There was also a harrowing side to the mental health wards. When working as a foundation year doctor in a resource-deprived area in the north of Ghana, mentally ill people were brought into the hospital in chains having been transported from prayer camps [informal privately run faith-based establishments operated by Christian, Muslim or traditional healers].
It was heart-breaking to see children known as ‘spirit children’ abandoned. These children likely had intellectual disability, autism or some sort of congenital or neurodevelopmental disorder. But their communities believed they were cursed. It was not uncommon to hear of children that clearly had undiagnosed Attention deficit hyperactivity disorder (ADHD), being repeatedly punished in school or at home for being “naughty.”
I thought that something must be done about this. I went to Nigeria and took a master’s degree in child and adolescent mental health. I absolutely loved it. But the more I became exposed to the field, the more problems I discovered that needed to be solved.
In West Africa many people don’t realise that children can suffer from mental health problems – they feel that children are too care-free to do so. This means that often children go undiagnosed, which impacts on their educational attainment and wellbeing, as well as having wider implications for society. We have a lot of work to do in terms of advocacy and public education.
We lack clinicians trained in child and adolescent mental health (CAMH) – I’m one of only five psychiatrists trained in CAMH serving a population of about 17 million children. Consider also that more than 50% of the population in West Africa is under 18 years old. Millions of children are falling through the cracks, not because they are “stubborn” or “lazy” or “dumb” but because their brain is processing things differently.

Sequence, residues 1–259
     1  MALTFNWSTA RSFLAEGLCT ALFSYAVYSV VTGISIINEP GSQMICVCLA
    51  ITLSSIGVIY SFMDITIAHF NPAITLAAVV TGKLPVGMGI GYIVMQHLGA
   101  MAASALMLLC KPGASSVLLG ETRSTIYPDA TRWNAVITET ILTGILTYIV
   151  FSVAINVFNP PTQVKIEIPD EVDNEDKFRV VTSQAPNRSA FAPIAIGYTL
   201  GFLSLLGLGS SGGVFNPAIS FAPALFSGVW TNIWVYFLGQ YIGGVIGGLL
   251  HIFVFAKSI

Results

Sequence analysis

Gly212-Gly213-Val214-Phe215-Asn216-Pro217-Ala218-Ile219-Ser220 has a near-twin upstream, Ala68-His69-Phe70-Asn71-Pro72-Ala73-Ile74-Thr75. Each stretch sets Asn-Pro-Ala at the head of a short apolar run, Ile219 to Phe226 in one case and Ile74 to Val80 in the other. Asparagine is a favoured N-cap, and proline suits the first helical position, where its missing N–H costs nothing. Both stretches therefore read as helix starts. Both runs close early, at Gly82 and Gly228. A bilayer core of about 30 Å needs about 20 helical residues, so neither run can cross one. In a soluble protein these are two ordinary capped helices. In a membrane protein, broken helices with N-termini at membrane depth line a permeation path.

We desperately need more researchers – people with the tools not just to ask the right questions but to answer them too, which is why I’m here in Cambridge. Empirical evidence is essential if we want to persuade our policy makers that investment is needed to build capacity and attract young talent to the field.
When I arrived in Cambridge, I faced a dilemma. I was surrounded by people doing amazing things at the cutting edge of psychiatry. I was tempted to change my project idea and do something involving MRI scans or biogenetics – something that would make me an expert in my field – perhaps give me a Nobel Prize!
But I couldn’t turn my back academically on my people. Following sage advice from my supervisor, Professor Andrew Bateman, I reflected soberly and thought: how many MRI machines are there in Kumasi? Who am I going to help practically when every day at my clinic we are facing bread and butter issues?
A major problem in West Africa is that cognitive assessments are based on Western norms, impairing diagnosis and treatment. For example, I can think of an item assessing adaptive functioning which asks if a child can operate a washing machine or knows how to type a paragraph on a laptop, but this technology might not be available to a child living in rural Ghana. Another item on a tool assessing autism asks if a child can maintain sustained eye contact, but in many parts of West Africa it is considered disrespectful for a child to look an adult in the eye.
It’s not enough to translate items on assessments. Someone might understand the words themselves but not the concept. You need to be on the ground, speaking to people to check that they understand the question.